Many old SEO strategies have become obsolete, for example ranking for keywords that no one ever searches for – you know, those “ego boosters” that show your site on the first page of Google. Submitting your site to thousands of web directories to get links and submitting your site to the search engines to get indexed are two techniques no serious SEO even considers anymore. Webmasters still believe that exchanging links is the magic answer to higher rankings (they do still play a minor role in Google PageRanks), and many are still obsessing over duplicate content penalties (which we discussed in a past SitePoint article). All these techniques are today used by the inexperienced SEO and by the “old school” DIY who fail to understand the dynamics of Web 2.0.
The New SEO 2.0 Trends
Web 2.0 is a social entity, and obviously SEO for Web 2.0 needs to be social.
Building social networks on Facebook, LinkedIn, Bebo, YouTube, FriendFeed, Twitter and the like, is only one aspect. If you build them, the followers will not necessarily come. You have to give visitors a reason to become members of your community, and more importantly, you have to give them a reason to click on the links you submit to their attention if you want to fully benefit from the “network effect” so many web marketers are talking about today. Twitter is the perfect example of how this “network effect” can be beneficial. For example, Dell managed to make $3 million in revenue using Twitter to announce special offers and to communicate with their consumers.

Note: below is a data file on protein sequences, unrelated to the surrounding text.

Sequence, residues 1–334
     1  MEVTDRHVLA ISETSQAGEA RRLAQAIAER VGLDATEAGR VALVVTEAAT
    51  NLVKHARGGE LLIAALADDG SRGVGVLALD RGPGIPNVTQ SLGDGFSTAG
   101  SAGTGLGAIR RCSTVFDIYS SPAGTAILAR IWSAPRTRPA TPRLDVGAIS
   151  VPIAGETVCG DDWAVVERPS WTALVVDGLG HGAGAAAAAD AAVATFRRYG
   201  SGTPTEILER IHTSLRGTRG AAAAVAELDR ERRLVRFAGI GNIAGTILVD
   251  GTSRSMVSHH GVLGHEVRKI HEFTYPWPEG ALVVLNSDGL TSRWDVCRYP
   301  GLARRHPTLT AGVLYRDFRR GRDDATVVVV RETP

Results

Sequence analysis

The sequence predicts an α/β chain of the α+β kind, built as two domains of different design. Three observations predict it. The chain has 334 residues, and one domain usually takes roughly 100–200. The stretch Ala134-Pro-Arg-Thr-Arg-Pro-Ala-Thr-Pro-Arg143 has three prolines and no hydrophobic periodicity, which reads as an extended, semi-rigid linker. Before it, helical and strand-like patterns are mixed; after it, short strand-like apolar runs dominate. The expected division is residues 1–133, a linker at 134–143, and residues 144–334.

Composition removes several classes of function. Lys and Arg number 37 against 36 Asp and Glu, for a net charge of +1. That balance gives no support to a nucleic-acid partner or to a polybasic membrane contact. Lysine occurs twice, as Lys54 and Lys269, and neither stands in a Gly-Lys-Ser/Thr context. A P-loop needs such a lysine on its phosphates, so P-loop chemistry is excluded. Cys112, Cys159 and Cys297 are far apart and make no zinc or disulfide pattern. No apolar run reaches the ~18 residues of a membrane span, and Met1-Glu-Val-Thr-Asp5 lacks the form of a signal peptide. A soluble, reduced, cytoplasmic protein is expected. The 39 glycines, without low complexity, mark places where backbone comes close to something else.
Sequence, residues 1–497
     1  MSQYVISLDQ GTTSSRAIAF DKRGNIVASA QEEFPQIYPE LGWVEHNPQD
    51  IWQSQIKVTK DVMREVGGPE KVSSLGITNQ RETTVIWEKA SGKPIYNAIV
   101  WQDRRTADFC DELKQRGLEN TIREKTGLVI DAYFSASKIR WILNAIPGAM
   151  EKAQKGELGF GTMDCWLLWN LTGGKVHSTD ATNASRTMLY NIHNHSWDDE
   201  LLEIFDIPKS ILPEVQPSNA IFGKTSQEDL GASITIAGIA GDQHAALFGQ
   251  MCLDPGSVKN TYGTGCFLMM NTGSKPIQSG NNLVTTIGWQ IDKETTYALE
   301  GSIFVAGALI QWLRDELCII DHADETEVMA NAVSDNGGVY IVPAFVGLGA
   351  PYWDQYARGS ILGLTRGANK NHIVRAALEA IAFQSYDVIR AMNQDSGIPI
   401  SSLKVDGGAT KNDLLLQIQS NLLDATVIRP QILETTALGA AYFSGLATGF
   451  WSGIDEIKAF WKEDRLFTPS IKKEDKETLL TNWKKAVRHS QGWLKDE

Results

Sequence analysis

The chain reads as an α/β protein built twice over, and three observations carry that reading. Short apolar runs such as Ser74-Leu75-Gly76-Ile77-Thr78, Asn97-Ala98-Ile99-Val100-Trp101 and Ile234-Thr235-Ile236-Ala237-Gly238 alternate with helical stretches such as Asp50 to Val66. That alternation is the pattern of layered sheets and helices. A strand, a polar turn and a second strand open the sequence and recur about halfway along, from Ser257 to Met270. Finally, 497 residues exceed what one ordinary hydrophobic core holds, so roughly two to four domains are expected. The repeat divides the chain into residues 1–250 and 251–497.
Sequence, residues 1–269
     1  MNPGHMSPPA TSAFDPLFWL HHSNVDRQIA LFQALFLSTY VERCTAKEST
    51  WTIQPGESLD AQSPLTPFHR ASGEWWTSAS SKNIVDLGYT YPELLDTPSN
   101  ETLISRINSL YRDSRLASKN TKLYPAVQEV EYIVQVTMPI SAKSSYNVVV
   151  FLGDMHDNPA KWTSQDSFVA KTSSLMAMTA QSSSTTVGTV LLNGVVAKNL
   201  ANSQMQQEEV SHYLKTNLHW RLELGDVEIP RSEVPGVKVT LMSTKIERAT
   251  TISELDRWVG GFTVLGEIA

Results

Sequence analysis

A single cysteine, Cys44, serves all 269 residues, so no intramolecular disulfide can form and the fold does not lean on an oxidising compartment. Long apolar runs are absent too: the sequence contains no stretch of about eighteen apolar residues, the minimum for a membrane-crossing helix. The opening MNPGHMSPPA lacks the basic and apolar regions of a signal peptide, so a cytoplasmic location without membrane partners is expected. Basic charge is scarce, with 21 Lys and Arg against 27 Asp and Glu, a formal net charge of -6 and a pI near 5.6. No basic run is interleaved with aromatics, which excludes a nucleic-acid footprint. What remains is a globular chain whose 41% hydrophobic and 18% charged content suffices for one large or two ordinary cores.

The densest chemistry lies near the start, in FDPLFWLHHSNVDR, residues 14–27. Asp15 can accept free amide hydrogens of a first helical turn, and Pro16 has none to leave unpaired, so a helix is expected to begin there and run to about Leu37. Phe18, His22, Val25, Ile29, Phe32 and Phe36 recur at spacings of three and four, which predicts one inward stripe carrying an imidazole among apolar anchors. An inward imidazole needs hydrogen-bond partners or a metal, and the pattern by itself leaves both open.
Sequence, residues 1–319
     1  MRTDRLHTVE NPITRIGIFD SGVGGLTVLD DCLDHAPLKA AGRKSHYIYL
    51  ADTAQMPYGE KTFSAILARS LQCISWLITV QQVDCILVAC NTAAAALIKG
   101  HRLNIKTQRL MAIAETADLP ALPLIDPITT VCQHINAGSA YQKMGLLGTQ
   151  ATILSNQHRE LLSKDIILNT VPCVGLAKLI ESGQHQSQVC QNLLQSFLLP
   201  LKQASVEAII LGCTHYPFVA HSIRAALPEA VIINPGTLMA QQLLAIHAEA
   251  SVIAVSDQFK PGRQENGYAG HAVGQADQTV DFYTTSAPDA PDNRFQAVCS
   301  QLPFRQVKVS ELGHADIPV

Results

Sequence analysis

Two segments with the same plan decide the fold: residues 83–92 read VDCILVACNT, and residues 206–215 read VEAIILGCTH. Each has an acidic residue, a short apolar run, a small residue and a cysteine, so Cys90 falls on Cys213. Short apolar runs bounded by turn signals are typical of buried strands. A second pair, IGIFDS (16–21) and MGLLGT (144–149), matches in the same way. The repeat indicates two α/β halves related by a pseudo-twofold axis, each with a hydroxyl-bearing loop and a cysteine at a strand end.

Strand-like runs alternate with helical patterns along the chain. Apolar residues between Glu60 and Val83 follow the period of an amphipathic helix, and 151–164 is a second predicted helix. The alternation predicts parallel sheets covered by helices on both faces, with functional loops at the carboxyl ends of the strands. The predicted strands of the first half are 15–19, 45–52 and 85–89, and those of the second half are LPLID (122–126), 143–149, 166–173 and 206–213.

Link baiting, another modern SEO technique, has a social aspect too: by publishing content people are really interested in, you basically encourage them to “call out” your site. Good content goes viral in a matter of hours. The readers will “tweet” your link, pass it along (this works pretty much like “word of mouth” ), mention your content on their sites, and etc. This is how natural links are built, and this is the only meaningful way to start a linking campaign nowadays.
Another important SEO aspect is defined as “long tail.” The term was originally coined by Chris Anderson in 2004 to describe the niche strategy of some businesses that sell a large number of unique items, each in relatively small quantities. As you see, the original meaning of the term had nothing to do with SEO. SEOs, however, like the term, and applied it to define an SEO strategy that deals with long keyword phrases (typically containing up to 5 words per phrase), that usually deliver less traffic but higher conversions.
Measuring SEO 2.0
Obsessing with page views and Alexa rankings is obviously not the way to measure SEO success anymore. Your analytics program offers a number of metrics that are more or less relevant, if you know how to read them.
For example, if the best performing keywords are the ones mentioning your brand, then your SEO is not that great. Good SEO delivers traffic for non-brand keywords more than for brand keywords. Of course, it is important to have searchers looking for your brand, but you don’t want to be dependent on it for natural traffic.
Another important metric, if you use Google Webmasters Tools for example, is the number of unique pages crawled and indexed by the search engines. The more unique pages you have indexed in the search engines, the higher your chances to drive traffic and generate sales.
The number of pages driving traffic to your site is also very important: it is in your best interest to keep this number high, to fully benefit from the “long tail” advantage mentioned above. Pages that don’t drive traffic are practically dead pages: they only clutter your site instead of bringing an SEO advantage.
Of course, there are other metrics that help in measuring how successful your SEO 2.0 is. Can you think of any? The comments are open, let’s talk!
Image courtesy SEO Refuge: SEO in the Afterlife